They considered unorthodox structures such as rammed earth homes, but their hunt for a fireproof abode eventually led them to the Monolithic Dome Institute in Texas.
‘We found that this Monolithic Dome idea really encompassed all the great things we were looking for – not only being fireproof but being extraordinarily energy efficient and termite proof,’ he says. ‘It’s even tornado proof, not that we have tornadoes out here, but it’s also earthquake resistant. I’m not sure it’s earthquake proof, but since it’s like an upside down Tupperware bowl, it doesn’t go anywhere in an earthquake.’
Phil and Melody McWilliams lost their previous, wooden home to a 2007 fire that swept through Orange County and destroyed 13 houses
The couple decided ‘it would make no sense whatsoever’ to rebuild in the area unless they chose a fireproof home
Their home is comprised of two domes connected by an elevated walkway; the couple consulted with a local architect to make sure the structure would fit in with the community surroundings
Phil says that he ‘can’t tell you what peace of mind it is to know I can go on vacation and not worry about the house burning down while I’m gone’
He and his wife hired the Texas-based company to build the dome and local contractors to outfit the interior. Phil was also careful to ensure the structure would fit into its surroundings.
‘We’re very sensitive to our history here in Madjeska Canyon, and one of our local architects, I asked him, “What do you think about this house? Does it fit in with the community?” And he said, “Yes, I think it does.” It’s nestled in trees and seems to be fine.’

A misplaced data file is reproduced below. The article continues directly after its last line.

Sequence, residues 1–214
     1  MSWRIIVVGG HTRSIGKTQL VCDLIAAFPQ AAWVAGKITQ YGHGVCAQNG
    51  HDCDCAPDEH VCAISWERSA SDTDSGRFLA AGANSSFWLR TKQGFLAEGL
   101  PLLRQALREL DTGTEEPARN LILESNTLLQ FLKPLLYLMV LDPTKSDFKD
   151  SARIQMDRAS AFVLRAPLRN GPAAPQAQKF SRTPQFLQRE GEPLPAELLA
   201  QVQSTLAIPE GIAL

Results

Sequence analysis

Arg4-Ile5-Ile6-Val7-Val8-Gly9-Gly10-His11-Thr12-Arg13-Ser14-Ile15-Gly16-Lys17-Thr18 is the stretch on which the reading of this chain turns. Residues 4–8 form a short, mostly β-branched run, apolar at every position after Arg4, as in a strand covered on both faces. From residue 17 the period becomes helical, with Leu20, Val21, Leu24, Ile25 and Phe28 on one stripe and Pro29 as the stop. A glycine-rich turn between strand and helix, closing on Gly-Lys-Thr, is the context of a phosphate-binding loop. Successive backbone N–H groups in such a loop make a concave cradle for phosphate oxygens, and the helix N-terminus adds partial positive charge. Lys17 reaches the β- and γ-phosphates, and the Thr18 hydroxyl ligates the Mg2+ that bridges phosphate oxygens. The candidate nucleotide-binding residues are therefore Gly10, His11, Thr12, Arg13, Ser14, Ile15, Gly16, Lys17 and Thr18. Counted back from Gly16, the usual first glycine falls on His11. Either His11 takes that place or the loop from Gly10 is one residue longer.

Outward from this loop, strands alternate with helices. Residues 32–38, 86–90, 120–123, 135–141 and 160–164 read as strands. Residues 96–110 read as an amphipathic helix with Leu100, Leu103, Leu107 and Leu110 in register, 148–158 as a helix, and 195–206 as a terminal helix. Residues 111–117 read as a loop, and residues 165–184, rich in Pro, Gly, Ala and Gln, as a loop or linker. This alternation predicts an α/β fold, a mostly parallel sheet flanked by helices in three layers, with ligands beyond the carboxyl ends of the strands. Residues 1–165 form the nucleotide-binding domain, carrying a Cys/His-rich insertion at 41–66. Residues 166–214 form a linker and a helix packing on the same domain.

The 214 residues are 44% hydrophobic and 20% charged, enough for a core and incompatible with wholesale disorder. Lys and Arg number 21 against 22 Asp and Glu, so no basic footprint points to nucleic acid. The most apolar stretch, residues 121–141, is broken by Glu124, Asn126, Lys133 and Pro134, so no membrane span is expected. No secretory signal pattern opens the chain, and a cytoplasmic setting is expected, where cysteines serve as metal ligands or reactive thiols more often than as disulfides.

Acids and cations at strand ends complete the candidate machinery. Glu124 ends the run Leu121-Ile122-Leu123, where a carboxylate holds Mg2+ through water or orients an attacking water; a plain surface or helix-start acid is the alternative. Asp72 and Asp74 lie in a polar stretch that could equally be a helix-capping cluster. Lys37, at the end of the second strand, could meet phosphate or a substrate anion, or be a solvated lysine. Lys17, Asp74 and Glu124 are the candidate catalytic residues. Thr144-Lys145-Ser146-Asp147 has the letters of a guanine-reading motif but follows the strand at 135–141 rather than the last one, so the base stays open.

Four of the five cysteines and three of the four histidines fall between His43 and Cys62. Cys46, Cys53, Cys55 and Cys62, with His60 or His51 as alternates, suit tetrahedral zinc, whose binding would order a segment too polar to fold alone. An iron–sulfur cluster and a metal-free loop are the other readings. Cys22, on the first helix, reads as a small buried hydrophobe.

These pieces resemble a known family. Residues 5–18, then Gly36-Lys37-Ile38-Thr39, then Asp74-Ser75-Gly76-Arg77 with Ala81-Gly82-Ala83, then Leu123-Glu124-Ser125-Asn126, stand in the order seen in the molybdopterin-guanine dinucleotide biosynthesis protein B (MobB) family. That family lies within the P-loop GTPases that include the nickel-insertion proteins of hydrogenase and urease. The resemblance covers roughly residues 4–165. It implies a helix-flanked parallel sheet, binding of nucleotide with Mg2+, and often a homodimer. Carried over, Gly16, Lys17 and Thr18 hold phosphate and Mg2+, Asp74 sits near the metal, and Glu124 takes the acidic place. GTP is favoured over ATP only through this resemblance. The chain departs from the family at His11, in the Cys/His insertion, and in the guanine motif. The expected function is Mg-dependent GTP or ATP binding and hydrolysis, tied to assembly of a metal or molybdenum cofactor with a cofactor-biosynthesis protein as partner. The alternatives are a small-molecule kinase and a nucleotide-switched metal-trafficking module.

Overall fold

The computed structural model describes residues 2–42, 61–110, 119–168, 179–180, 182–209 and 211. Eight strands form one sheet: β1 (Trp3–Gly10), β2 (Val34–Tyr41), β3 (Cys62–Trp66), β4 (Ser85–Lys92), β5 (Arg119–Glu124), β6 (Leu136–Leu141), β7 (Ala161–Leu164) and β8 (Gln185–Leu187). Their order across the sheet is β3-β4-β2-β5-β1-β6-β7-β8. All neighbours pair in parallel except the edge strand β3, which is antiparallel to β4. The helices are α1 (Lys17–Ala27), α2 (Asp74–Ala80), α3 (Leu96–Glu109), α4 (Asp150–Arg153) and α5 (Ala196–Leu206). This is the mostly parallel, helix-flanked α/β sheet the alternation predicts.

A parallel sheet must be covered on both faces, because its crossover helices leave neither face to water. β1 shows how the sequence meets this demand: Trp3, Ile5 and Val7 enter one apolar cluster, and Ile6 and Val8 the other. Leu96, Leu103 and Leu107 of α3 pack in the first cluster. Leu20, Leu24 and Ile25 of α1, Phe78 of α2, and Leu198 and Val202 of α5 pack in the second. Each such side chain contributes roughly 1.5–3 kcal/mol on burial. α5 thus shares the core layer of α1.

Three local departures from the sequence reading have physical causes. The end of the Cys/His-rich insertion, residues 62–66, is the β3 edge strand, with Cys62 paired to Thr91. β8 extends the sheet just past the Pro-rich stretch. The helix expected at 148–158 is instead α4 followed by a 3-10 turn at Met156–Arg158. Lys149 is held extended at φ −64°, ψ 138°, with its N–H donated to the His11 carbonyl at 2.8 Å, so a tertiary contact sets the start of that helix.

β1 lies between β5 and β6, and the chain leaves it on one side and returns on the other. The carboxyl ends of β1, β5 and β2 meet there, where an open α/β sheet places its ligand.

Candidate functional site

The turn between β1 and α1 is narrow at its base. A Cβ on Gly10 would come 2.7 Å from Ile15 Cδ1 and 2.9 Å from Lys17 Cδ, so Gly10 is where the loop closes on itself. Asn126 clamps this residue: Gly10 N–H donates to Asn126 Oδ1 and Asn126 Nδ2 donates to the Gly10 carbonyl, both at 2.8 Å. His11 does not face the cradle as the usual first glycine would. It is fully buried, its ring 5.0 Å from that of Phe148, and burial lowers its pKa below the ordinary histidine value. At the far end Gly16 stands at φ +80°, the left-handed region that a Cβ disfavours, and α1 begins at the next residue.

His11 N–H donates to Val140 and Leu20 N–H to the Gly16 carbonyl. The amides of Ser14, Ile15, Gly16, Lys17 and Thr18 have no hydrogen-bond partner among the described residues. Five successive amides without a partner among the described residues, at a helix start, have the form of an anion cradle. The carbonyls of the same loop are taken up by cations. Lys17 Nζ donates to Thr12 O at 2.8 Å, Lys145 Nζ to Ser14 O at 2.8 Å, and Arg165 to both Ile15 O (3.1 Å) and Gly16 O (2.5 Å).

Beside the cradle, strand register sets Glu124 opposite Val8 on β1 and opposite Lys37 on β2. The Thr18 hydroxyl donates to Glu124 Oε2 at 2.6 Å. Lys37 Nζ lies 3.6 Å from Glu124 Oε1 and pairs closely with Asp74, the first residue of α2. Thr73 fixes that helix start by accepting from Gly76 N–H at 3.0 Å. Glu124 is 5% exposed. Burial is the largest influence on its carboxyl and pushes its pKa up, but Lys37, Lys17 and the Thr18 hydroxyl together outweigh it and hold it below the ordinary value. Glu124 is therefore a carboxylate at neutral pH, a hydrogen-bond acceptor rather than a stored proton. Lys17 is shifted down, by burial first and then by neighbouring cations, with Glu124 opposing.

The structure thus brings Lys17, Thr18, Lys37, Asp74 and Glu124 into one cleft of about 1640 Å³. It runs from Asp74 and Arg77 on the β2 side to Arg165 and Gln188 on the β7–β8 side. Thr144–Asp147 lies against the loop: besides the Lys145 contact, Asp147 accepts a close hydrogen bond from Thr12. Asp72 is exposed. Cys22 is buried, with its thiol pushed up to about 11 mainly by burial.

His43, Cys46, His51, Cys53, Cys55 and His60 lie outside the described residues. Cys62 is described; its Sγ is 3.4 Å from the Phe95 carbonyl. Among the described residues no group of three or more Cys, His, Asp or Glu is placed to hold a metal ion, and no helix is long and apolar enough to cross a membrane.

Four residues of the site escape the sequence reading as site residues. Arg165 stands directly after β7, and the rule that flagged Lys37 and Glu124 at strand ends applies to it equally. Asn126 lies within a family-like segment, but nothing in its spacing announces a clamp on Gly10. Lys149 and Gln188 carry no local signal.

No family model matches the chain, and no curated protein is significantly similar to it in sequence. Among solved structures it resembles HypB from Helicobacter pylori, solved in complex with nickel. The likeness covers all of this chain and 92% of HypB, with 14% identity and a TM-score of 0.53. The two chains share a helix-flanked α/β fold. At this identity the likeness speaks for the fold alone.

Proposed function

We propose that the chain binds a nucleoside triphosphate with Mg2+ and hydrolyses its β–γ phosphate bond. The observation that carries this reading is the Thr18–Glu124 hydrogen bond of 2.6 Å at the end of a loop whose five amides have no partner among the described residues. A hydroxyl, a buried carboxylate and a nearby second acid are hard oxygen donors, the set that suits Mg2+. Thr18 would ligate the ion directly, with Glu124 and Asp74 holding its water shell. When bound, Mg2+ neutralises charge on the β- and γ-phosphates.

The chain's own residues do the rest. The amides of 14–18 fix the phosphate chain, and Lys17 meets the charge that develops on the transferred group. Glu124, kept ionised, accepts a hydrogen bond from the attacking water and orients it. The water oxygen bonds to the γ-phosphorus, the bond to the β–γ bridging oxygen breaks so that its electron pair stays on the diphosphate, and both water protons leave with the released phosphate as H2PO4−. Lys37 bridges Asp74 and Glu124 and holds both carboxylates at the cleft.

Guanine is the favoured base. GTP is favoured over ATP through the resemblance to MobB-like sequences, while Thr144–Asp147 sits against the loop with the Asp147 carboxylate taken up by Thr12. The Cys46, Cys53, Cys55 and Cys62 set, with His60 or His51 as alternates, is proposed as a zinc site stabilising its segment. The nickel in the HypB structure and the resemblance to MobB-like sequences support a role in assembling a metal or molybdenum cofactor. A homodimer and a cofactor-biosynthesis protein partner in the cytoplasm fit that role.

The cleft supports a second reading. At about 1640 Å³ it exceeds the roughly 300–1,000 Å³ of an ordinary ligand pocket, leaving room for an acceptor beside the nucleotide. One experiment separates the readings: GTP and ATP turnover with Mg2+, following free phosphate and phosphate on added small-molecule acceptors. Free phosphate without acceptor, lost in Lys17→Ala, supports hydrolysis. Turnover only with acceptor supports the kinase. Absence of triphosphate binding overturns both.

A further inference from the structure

He says: ‘The cost wasn’t prohibitive; it wasn’t out of line with what an ordinary home would cost – considering that the house lasts 100 years and you can save so much on air conditioning, you save so much on heat, you don’t even have to have it termite inspected. All these pluses, it just made a whole lot of sense. Psychologically, I had some friends of mine worry that it’d be weird living in a round home, that it’d affect us psychologically – but we found that that was not at all the case, that having a round home was great and no problem.’
The McWilliams’ home is comprised of two domes; a two-bedroom main house and a guest/garage dome. The living space is 2,295 square feet and includes a large kitchen, master bedroom and bath, and second bedroom and bathroom. In addition to the kitchen and living space, the dome also features a game room with pool table.
The best part, though, Phil says, is the security and safety offered by the family’s unusual setup.
‘I can’t tell you what peace of mind it is to know I can go on vacation and not worry about the house burning down while I’m gone,’ he says. ‘It is a very, very safe home, and you feel very, very secure.’
When Beverly and Ken Garcia began thinking of building a new home, there were a lot of factors to consider – not least that his parents’ Gulf Coast home had been destroyed in Hurricane Katrina.
That motivated them to begin ‘looking at structures that could withstand that kind of bad weather and also be super energy efficient,’ says Beverly.
‘The other thing we were looking at – we’re years from retirement age – but we were looking in the future, as we wanted to go lower maintenance,’ she says. ‘Our house previous to this was three storeys in the back high – and you don’t want to think about having to do maintenance and stuff on a structure of that size when you’re getting older. It’s just a lot.’